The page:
2. Point toe, extend leg so foot touches floor in front of you. Circle leg around and touch toe behind you. Do a few reps and then add on front attitude (leg lifting with knee slightly bent) then move leg so it extends straight behind you. Add on a reach down to the floor with your hands where you keep one leg up behind you and bring that foot to touch the knee of the leg on which youíre still standing. Then put the back foot down on the floor, stand up and do a few curtsy lunges.
3. Curtsy lunge, lift back foot so it touches front knee with leg internally rotated, then rotate leg outward (into sort of a tree pose). Extend the foot out to the side to work outer thigh.
4. Standing hamstring curl then transition to curtsy lunge.
Many of the moves have you sweeping your foot front to back with your toe pointed. One weird move had you stand with your feet together, knees slightly bent, and bend at the hips so youíre facing downward. Extend one arm behind you and one in front, and then switch arms by swinging them forward and back while keeping your body still. I couldnít understand the purpose of this.
Floor moves (again, not a complete list):
1. Lie on your back and bend knees toward you. Extend legs up and then lower them while extending arms back. Bend knees and bring them toward you while you circle arms and bring them towards your knees (so you end up sort of hugging your knees to your chest).
2. Hundred, except you just do four pulses and then bring your knees in and rest, then do four more, etc.
3. Bridge pose with hips lifted, both feet on floor. Bring one arm above head and switch with the other by swinging them back and forth.
4. X-position with legs and arms outstretched as you lie on the floor. Lift up to touch left arm and right leg (with other arm and leg dragging on the floor). Lie down and do the other arm and leg.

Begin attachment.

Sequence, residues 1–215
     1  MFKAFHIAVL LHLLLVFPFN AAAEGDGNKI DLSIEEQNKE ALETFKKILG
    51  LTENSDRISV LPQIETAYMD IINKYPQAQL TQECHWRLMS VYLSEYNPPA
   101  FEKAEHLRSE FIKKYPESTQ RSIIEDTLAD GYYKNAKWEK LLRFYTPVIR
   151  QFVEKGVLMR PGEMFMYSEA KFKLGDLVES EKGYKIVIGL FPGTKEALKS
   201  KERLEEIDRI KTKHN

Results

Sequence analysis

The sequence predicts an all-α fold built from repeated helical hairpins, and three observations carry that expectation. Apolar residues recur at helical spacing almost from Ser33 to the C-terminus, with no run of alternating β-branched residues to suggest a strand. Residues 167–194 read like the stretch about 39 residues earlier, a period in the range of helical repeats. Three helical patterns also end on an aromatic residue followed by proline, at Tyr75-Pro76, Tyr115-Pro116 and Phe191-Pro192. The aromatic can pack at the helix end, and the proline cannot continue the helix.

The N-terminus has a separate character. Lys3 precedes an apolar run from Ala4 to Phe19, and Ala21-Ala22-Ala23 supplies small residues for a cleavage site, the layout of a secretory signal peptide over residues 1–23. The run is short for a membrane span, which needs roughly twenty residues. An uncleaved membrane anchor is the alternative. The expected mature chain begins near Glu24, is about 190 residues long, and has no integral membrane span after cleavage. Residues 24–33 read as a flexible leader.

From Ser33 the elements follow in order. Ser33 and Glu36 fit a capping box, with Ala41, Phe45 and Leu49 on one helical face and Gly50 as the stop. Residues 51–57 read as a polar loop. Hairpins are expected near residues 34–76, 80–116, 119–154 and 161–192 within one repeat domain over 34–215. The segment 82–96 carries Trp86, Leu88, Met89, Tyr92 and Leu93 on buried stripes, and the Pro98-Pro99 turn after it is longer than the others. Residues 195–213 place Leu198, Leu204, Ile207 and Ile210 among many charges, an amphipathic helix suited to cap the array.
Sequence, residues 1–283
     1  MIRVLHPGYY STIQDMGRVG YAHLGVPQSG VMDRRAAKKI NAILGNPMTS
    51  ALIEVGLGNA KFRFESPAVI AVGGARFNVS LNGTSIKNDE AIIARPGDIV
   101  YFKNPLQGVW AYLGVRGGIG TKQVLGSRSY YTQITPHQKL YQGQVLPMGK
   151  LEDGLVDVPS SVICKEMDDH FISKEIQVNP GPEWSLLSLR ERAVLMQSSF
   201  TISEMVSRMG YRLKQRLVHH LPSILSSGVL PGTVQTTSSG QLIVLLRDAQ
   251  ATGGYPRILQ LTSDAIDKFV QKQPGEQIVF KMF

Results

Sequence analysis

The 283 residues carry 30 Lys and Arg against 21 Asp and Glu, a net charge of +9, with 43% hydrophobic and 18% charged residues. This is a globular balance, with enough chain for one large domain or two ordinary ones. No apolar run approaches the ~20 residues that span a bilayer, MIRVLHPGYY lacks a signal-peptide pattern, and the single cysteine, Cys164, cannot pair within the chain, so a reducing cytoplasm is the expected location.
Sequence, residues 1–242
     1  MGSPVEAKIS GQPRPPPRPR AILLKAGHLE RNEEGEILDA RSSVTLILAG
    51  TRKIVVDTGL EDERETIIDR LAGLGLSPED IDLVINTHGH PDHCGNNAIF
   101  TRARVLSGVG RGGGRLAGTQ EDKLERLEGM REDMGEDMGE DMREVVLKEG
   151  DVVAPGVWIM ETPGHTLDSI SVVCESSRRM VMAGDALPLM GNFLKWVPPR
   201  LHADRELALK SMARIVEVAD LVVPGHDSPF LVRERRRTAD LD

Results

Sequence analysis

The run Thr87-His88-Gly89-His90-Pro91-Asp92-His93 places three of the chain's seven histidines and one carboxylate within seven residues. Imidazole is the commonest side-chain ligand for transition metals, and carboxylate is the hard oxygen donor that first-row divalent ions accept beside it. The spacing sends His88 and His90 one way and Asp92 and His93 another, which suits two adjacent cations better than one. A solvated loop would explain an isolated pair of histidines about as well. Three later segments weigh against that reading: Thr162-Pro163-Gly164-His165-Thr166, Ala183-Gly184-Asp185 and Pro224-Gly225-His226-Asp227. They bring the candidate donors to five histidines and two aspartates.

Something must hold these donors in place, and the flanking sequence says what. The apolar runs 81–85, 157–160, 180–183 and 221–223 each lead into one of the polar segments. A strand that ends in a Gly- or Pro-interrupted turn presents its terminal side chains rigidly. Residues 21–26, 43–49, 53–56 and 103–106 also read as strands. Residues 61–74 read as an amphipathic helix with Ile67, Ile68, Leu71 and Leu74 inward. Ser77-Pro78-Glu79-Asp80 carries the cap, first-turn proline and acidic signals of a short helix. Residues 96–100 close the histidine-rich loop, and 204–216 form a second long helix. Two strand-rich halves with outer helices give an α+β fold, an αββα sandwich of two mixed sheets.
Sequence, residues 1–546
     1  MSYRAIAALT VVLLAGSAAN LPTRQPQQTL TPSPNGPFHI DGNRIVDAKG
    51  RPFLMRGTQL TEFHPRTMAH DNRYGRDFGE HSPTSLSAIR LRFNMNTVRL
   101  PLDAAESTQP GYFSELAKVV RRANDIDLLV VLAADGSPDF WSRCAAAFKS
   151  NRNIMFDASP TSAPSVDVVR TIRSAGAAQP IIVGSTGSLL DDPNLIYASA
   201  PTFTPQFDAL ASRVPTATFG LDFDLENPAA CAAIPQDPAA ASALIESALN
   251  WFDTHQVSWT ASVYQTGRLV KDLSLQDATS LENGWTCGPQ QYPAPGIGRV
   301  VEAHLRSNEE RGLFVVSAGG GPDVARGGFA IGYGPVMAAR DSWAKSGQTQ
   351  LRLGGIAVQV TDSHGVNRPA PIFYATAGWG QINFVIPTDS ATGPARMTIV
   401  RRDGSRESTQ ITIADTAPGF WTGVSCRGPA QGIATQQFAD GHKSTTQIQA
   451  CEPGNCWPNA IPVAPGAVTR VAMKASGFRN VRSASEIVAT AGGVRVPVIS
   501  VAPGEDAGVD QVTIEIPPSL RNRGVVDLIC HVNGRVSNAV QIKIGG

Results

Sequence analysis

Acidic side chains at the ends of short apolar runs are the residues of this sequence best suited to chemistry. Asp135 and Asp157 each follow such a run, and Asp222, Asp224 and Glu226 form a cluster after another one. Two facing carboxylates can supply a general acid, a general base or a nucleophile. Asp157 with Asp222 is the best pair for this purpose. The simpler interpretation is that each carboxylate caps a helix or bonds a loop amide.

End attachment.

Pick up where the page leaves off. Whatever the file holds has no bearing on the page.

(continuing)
5. Lie on your side with legs stacked and do a leg lift with lower leg bent so foot touches underside of top knee.
There are lots of other exercises in both sections, but I think these give a good general idea of whatís included.
The floor work just didnít do anything for me. I would think that X position would really work your abs, but I didnít feel it at all. The standing work seemed to work my quads pretty well. I felt the hamstring curls too even though I usually use ankle weights for that type of thing (like in Slim Series).
I think this would be good for someone who enjoys ballet-inspired workouts. If you like the moves in Reach, this might be one to try. Itís not quite as elegant and I think itís a little easier, but has a similar feel. The music is instrumental, kind of quiet, pleasant stuff. I know Iíve heard it before, but couldnít quite place it.
For me, this is one of those workouts that I find enjoyable, but probably wonít do often. I got it from a kind VFer to help satisfy my curiosity. I think I was hoping for standing ab work and obviously this doesnít fit the bill. Still, itís good to know what itís like, and again, for someone who enjoys ballet moves or this type of soothing lower body workout, this might be a good choice.
Iíd describe Katalin as no-nonsense. She doesnít talk to the background exercisers or say much other than to cue the moves. Her directions are clear and cuing good. The background exercisers seemed a little more (for lack of a better description) like real women, rather than fitness professionals. They smiled and just looked more approachable to me. They reminded me of the background exercisers in Minna Lessigís Strength and Grace.
I really liked this one. The first 29 minutes is all standing ballet inspired balancing moves. This is the best workout I've found so far to work on balance. I think Katalin does a good job and the production quality is good. My only minor complaint is that sometimes I think the pace of the reps is not consistent and at one point Katalin tells you to turn out your heels when she means for you to turn out your "toes". All in all, I'm very pleased with this one.01/21/2004